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Uncertain Fate

Mr. Nawaz Sharif swept the recently concluded Pakistan Elections with an absolute majority; without the need of any messy coalitions and bickering alliance partners. The incumbent Pakistan People's Party (PPP) was reduced to a distant second with a miserable 31 seats, 93 less than last time.

The electoral rout of the PPP was widely expected. Without a leader or rather without a Bhutto (Bilawal doesn't count; he was hardly in Pakistan itself for most most of the electoral campaign and Zardari as a President can't support any particular political party) to lead them, the party was surely heading nowhere from the start. Add to this the fact that the level of governance delivered by this government was close to zero.

Now that Mr. Nawaz Sharif has been elected with such a massive mandate, expectations are sky-high. The common man on the streets looks forward to a stable and effective government which strives to solve their problems. To name but a few - a horrible supply of electricity, poor healthcare facilities and high level of corruption.

On the international front, it's immediate neighbors, Afghanistan and India expects a renewed and more friendly approach to bilateral ties. Both these countries also happens to be ravaged by terrorist groups and it is widely believed that the terrorist groups are based in Pakistan and receive continued assistance from the Government there. The rest of the world expects Pakistan to continue support to the War on Terror.

Challenges are many even on the economic front. Having faced decades of political instability and religious extremism besides a checkered relationship with it's immediate neighbors, the Pakistani economy is close to collapsing. Investor confidence is almost nil and the treasury drained. The Pakistani economy is highly reliant on American aid to sustain itself and tackling this should be high on the to-do checklist of the new Government.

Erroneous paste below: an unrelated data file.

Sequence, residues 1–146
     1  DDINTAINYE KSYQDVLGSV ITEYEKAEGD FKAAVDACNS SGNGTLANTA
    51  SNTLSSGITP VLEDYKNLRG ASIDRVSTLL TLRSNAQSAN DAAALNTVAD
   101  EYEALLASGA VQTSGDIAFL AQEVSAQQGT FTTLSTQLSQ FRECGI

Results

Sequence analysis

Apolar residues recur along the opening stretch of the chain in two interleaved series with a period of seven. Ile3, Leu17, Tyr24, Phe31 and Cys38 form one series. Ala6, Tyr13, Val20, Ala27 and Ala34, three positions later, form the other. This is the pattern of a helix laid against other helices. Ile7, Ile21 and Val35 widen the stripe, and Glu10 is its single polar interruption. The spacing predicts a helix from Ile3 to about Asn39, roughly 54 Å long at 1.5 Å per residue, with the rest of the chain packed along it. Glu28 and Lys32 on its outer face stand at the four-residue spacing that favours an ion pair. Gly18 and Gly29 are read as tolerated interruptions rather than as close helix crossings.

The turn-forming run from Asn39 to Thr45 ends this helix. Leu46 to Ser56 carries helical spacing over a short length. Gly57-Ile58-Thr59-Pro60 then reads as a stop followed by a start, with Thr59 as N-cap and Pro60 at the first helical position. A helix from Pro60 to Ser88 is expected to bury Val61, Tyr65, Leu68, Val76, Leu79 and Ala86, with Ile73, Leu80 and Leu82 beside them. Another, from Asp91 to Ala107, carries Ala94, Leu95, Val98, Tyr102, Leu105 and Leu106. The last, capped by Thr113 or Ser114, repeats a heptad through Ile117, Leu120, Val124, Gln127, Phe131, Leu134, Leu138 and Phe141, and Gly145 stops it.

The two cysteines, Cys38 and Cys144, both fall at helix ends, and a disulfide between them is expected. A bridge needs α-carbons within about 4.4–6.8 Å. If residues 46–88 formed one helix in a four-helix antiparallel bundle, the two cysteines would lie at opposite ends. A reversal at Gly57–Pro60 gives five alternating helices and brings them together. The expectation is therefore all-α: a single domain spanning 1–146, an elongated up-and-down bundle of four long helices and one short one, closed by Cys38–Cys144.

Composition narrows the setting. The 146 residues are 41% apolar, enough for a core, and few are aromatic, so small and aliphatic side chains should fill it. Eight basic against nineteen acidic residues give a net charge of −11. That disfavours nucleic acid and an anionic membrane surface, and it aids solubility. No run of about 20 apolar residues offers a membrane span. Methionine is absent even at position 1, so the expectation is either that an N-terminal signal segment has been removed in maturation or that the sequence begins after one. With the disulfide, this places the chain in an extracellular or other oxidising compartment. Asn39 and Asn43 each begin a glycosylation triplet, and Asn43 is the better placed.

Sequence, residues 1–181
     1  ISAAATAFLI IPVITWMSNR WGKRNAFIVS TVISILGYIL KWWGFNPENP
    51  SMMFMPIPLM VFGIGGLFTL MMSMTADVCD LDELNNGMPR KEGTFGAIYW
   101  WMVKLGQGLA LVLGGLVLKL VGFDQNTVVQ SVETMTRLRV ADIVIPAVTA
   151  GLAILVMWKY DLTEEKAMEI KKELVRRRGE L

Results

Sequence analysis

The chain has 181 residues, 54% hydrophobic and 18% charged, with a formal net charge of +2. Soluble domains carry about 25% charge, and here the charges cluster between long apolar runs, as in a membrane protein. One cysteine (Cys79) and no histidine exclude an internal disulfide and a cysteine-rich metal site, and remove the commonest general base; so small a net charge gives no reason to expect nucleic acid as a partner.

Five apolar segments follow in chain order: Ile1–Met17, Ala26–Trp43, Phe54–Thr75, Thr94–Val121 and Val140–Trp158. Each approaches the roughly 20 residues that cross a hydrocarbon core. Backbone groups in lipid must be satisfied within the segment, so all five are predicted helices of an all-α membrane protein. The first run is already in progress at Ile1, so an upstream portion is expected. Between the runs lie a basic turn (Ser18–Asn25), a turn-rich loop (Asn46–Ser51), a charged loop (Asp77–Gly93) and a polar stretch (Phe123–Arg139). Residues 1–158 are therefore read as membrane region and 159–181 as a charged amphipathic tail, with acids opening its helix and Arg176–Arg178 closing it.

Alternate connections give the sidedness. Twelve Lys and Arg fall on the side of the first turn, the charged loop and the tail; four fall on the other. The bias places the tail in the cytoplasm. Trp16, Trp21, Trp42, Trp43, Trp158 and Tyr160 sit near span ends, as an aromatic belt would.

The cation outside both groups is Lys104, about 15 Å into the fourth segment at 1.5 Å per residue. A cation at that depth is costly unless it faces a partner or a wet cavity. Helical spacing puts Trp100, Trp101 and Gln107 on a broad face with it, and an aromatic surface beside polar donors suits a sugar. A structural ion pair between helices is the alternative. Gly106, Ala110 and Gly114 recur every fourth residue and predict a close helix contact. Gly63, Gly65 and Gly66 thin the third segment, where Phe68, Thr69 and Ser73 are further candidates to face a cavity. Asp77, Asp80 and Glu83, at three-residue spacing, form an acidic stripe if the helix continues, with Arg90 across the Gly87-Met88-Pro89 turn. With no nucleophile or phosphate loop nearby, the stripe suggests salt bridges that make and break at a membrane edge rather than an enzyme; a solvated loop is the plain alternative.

Besides this, Nawaz Sharif has to maintain the precarious religious situation in Pakistan besides dismantling terror groups across it's soil. Here the situation turns tricky. It is no secret that extremist right-wing religious groups have been supporting Nawaz Sharif. Even the Pakistani Taliban has avoided attacking him during the campaign like they did with the PPP. If he doesn't tread cautiously, the situation could turn progressively worse and push Pakistan into a state of absolute anarchy and lawlessness.

 But the most important challenge is to keep the Pakistani military down. During his last stint as the Prime Minister of Pakistan, Nawaz Sharif was overthrown by the then Military General, Pervez Musharaf.  This time round, Mr. Sharif must take care that he ensure that he doesn't take steps which can antagonize the military and provoke it like he did last time.

Most political analysts and close aides are of the opinion that Mr Sharif during his time in exile has matured into a more astute and able politician. For the sake of Pakistan and the world, let us hope so too. For if this is not true, then the consequences for Pakistan and the world come could be enormous.

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